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Oceans : Ocean Acidification  


Joined: 2 years ago
Posts: 22
20/08/2018 5:52 pm  

Over the last few decades, it has been demonstrated that ocean carbon dioxide levels have risen because of increased carbon dioxide in the atmosphere. The ocean absorbs CO2 as the concentrations rise in the atmosphere. So what does this mean?

Oceans become more acidic which in turn upsets the ph balance of the organisms that thrive on this marine ecosystem. Humans depend on the ocean for food and survival. To read more on this--

The GCAS Ocean Climate agenda:

The UNEP site on the impacts of ocean acidification on marine biodiversity.




Bronze Registered
Joined: 2 years ago
Posts: 4
14/09/2018 8:00 pm  

It is a very interesting subject.  I am curious how the melting ice caps influence this e.g. they may mask the acidic increase for a period.  I don't have an understanding for the rates of change for each so any input (apologies if I missed it in the links) would be appreciated.

Joined: 2 years ago
Posts: 8
14/09/2018 11:30 pm  

Hey klande, great question! I remember learning about this in school, but I couldn’t for the life of me remember. I ended up looking it up :p turns out that, fresh water from melting ice caps dilutes the concentrations of all the various components of the carbonate system in seawater, as well as the total alkalinity and salinity (both of which affect pH).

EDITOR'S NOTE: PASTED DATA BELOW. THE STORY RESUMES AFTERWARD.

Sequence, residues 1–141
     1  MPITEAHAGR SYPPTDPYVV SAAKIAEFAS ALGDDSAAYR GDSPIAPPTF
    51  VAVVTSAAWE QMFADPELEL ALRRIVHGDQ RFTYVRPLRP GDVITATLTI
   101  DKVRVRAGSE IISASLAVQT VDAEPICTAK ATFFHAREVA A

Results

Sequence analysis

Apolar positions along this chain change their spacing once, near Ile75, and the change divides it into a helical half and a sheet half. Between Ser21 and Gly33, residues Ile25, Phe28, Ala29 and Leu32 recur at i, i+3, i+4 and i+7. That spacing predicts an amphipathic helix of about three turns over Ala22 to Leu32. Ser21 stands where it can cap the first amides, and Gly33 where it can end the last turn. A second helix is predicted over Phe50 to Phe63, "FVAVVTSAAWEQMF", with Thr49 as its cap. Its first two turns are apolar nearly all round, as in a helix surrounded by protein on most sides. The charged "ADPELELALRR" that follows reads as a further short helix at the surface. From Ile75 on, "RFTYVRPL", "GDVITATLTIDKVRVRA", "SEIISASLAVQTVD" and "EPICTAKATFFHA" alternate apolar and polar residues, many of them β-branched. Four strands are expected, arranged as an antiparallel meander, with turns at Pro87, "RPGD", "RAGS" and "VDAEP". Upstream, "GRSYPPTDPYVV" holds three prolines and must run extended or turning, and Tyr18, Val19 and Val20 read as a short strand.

For example, a liter of “typical” Arctic seawater (temperature, 5°C; salinity, 35; total alkalinity, 2244 micromoles/kilogram) that is exposed to today’s atmospheric CO2 level of 390 ppm has a total carbon content of 2100 micromoles/kilogram and a pH of 8.04 (total scale, here and below).  Adding a kilogram of freshwater to the kilogram of seawater would dilute the salinity, alkalinity, and carbon content to half of what they were, and the initial pH would increase to 8.21.  However, that seawater is out of equilibrium with the atmosphere (it now has a pCO2 of 151 ppm, while the pCO2 level of the overlying atmosphere is 390 ppm) and so it will absorb CO2 until the seawater pCO2 also equals 390 ppm, at which point the pH will have dropped to 7.83.

I hope this helps better your understanding! 🙂

 Richard A. Feely, Senior Scientist, NOAA Pacific Marine Environmental Laboratory, USA; Joan Kleypas, Scientist III, National Center for Atmospheric Research, USA